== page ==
A Guest Post
by Benjamin Steele
Some time ago I was approached by my mum, Carolyn Steele, who wanted my opinion for a blog post. She said it was about characters, what makes them flat or page-leapy, and how we feel about our creations. She had to stop me when I started to ramble about Stanislavski, and we decided there might be a post in how an actor’s method could benefit the fiction writer. I would like to share with you how my experience as an actor and playwright helps my development of prose characters.
So you’ve got a character that comes off a little flat, a little boring—he’s just zis guy you know? I’ve heard all sorts of tips for giving characters a little more life: the most common being physical or personality quirks, and rich backgrounds that shape their development. While these are undoubtedly useful tools for both the writer and the actor, I consider them to be traps. These should be supplementary tools, second to the arguably most important influence on a character’s action: Dreams of the future.
This is where we get to Stanislavski. There’s too much in this system for a single post, so I’m going to focus on the difference between an activity and an action. An action is an activity with an objective. An objective is driven by a desire, and desire is invoked by dreams of the future. An actor according to Stanislavski, when choosing how and where to move on stage, must in every moment be aware of these four things.
• The super-objective, a goal that leads them through the whole play, which invokes
• A through-action, a single intention and desire for the current scene, which informs
• An action, which is a step or strategy used to help achieve their desire, which is driven by
• An objective, the immediate impulse that turns simple activities into actions.
All of this can be driven by one single, simple goal. As long as the actor has an idea of what their character wants in the future, they can justify every movement they make and word they speak. This process is just as important as constructing the past. I don’t believe that the past ever drives action, it only influences a character’s future aspirations. To be clear, I’m not saying the past is unimportant. Emotional knee-jerk reactions, avoidance behaviour, and a number of other elements of character depend on their history. But the past governs reactions, not actions. Past events can be helpful in shaping a character’s dreams, but the dreams themselves drive action.
Let’s go through the process of turning an activity into an action. We’ve got a character who is walking out of a room after an argument. That’s an activity, because ‘to leave’ is a weak objective, unless there’s an obstacle to overcome in order to do so, be it internal or environmental. Before we get into the details of the scene we ask, what are this character’s dreams? Maybe we decide she’s in love, and wants her affection returned. Now narrow it down, what does she want at the end of the scene? She’s arguing with the object of her love, but all she wants to do is kiss him. That leads to the strategy she uses to get what she wants, the action of walking out of the door. The action is driven by her objective, which is to get him to chase after her. By adding longing to anger we have added complexity to the character and depth to the argument.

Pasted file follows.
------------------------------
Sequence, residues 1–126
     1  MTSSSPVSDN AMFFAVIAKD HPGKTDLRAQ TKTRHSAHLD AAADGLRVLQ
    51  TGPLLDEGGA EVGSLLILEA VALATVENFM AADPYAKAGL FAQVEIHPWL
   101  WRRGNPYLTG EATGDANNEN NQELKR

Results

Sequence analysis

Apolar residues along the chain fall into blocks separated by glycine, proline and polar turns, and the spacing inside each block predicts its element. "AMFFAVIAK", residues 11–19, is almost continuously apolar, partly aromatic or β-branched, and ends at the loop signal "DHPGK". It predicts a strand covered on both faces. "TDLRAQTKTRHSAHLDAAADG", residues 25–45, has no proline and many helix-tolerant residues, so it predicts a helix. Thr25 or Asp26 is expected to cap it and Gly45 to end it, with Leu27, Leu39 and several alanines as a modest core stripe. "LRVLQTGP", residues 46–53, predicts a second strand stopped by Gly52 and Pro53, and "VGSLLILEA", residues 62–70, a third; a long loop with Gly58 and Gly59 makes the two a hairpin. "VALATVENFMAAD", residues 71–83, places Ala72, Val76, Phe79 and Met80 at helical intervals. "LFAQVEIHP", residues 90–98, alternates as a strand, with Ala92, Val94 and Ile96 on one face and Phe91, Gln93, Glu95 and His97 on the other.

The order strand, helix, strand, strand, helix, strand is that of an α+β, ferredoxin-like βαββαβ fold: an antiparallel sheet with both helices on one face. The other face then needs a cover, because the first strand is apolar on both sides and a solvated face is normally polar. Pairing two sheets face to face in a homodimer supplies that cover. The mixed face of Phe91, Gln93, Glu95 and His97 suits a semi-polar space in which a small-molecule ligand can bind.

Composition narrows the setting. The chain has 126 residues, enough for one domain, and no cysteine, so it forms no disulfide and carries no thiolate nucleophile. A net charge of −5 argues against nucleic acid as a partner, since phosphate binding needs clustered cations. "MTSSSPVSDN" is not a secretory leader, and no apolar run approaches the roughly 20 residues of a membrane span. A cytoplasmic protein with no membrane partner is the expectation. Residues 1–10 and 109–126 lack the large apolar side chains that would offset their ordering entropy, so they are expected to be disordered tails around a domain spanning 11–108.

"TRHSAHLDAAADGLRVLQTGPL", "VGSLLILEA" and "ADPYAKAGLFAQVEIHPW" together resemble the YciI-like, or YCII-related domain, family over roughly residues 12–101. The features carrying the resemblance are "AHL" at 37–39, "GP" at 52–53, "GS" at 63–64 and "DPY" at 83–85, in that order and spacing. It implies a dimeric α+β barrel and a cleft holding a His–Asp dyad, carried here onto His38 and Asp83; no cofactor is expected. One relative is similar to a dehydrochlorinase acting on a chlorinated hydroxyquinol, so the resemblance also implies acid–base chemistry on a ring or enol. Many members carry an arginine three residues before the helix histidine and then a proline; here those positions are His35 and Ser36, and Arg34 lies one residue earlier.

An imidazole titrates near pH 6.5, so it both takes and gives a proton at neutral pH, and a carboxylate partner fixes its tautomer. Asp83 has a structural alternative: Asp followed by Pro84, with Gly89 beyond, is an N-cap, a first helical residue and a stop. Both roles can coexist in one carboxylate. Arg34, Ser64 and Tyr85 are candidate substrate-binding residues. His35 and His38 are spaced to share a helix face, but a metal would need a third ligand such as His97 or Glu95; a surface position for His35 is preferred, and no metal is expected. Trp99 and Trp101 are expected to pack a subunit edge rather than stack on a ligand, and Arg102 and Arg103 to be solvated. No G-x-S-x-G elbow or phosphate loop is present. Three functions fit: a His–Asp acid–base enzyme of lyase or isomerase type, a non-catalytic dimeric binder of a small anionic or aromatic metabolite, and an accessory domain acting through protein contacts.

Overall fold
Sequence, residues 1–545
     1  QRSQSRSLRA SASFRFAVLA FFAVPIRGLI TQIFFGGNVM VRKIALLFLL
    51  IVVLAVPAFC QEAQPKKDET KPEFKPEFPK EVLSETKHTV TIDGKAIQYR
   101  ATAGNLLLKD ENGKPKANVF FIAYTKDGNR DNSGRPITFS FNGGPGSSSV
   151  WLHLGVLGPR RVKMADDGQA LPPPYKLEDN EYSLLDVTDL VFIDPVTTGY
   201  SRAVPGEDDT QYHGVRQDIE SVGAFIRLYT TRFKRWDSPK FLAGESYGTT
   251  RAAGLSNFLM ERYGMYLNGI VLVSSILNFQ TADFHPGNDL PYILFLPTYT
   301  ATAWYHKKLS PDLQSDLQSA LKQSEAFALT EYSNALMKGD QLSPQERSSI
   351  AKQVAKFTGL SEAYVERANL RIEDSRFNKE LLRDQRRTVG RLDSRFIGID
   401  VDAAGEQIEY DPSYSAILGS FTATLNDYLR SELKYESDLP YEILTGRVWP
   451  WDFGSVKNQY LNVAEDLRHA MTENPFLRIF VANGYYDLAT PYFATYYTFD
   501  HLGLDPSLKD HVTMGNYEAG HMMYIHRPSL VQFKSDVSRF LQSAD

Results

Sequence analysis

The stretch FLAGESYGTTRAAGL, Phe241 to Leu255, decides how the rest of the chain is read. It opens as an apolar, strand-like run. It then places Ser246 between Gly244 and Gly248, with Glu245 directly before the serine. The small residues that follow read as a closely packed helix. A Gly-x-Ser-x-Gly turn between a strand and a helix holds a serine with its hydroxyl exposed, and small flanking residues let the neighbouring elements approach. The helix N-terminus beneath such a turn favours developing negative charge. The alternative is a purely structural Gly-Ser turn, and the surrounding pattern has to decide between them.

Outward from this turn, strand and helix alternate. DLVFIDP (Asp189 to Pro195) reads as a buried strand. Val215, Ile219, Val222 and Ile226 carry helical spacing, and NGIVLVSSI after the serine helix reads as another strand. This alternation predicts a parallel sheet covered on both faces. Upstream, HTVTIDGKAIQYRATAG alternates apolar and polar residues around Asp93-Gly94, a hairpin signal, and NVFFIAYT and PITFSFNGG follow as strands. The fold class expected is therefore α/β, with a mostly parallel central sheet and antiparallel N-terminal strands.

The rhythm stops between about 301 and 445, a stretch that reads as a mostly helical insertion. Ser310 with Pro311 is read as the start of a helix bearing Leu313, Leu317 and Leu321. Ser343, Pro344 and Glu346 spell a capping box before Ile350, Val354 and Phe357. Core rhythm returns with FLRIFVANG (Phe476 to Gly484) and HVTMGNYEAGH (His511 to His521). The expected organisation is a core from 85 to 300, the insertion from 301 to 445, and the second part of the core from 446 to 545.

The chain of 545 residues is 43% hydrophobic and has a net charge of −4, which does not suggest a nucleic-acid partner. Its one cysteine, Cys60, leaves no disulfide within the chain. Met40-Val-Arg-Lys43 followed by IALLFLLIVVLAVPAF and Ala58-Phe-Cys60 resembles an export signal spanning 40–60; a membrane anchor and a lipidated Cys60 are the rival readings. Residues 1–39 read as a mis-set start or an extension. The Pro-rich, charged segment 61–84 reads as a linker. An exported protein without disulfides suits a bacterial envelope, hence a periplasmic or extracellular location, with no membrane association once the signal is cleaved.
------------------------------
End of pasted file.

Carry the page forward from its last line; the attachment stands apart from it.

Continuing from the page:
I have worked with directors who make a habit of stopping actors mid scene during rehearsal. They tell us to freeze in place, and they ask us questions. “What are you thinking? What are you doing? Why are you doing it? What’s your goal?” Actors are limited by the words the playwright has written, and this process is designed to work within those constraints. But it’s also a powerful tool for authors. Give the character a dream. Then be a director. For every action they take ask them, “Why? What do you want, right now? Are you getting what you want? If not, what are you doing about it?”
In this way you will discover actions that don’t fit your character, and perhaps gain new inspiration about their place in your narrative. Characters who are driven, who are desperately trying to influence their own fate and the world around them, they are very human.
Ben Steele has been in love with the theatre all his life. He began acting at the age of six and never quite stopped, but since moving from England to Canada and attending York University, he has branched out as a playwright and director. He also works as a freelance sound and lighting technician for local theatres in his home town of Kitchener. More recently, he started writing fiction and after having a short story published in an anthology, decided it was time to take a crack at a novel. That project is still in its early stages, but he’s very excited. Find out more at benjaminsteele.ca.